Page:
Nothing seems to be left to chance as illustrated by the typed list of "fire duties," fire drill being a regular feature of the training. The superintendent, for instance, is "chief of the fire-brigade" with the assistant super, second in command. The head Prefect has charge of the extinguisher, the matron of the telephone, and so on, those without special duties having to parade in the main corridor.

Sunday afternoon is the visiting day, the boys being allowed a week end on the completion of half term and several days at home also before sailing to Canada or to Australia. Whilst in training those young pioneers are given ninepence each per. week pocket money, and in necessitous cases they are provided also with landing money. Ail the lads travel as read 3rd class passengers, their fares being paid for them. In Canada, unlike the adult labourers, the boys are guaranteed work all the year round" whilst the hostel receives periodic reports from time to time. Each boy on going out is also provided with a complete over-seas kit free of charge, suitable for the climate to which he is going.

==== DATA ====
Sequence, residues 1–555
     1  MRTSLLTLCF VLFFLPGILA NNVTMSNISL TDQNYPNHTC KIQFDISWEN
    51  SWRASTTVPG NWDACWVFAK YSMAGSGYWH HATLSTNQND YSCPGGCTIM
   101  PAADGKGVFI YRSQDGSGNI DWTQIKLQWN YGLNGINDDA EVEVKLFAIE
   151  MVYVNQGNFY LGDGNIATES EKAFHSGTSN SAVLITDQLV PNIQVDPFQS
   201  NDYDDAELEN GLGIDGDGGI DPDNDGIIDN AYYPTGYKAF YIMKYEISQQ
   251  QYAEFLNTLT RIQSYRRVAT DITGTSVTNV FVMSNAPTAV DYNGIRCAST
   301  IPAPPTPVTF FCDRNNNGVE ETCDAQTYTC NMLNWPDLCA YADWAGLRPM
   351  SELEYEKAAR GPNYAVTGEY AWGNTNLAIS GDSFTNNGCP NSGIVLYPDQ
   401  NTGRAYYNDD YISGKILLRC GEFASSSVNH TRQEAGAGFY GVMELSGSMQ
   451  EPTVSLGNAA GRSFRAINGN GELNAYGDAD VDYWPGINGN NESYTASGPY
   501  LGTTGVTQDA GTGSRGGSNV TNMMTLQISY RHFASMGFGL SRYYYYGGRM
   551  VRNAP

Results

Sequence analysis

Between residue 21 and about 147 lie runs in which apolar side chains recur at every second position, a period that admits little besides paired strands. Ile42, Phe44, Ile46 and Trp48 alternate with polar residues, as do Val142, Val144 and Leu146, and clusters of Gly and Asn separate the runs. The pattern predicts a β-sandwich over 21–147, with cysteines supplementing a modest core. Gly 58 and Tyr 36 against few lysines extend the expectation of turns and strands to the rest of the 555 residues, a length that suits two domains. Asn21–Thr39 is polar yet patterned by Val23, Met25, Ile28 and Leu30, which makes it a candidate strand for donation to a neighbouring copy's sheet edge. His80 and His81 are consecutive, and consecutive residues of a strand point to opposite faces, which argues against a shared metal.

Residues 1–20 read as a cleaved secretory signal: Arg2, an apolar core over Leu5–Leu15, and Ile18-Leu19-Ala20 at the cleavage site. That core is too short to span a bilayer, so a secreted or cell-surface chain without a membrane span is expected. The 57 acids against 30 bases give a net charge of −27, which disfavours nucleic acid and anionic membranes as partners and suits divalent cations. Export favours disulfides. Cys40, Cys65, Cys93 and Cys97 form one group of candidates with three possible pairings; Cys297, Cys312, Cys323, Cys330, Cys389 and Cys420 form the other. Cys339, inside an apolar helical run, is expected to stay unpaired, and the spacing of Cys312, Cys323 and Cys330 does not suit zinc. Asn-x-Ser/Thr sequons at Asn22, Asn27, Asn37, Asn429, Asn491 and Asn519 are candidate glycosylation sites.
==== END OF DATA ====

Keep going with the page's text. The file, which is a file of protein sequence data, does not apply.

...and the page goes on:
If bound "Westward Ho" he is given lighter boots than if making for the Land of the Southern Cross, for the floors in Canada are highly polished and it is the custom here wear over shoes. "Where does all the money come from?" Well, is a fifty-fifty deal, the Government making a grant equal to half of the total outlay. The Hull Corporation also contributes £250 per year, the Beverley Corporation £25, the Hull Board of Guardians and the Sculcoates Guardians £80, in addition to which the hostel is open to receive private contributions.

In being shown over the place the writer observed that the boys lacked a billiards table and a wireless set, the mention of which fact might suggest something to some philanthropic champion of the Empire Scheme.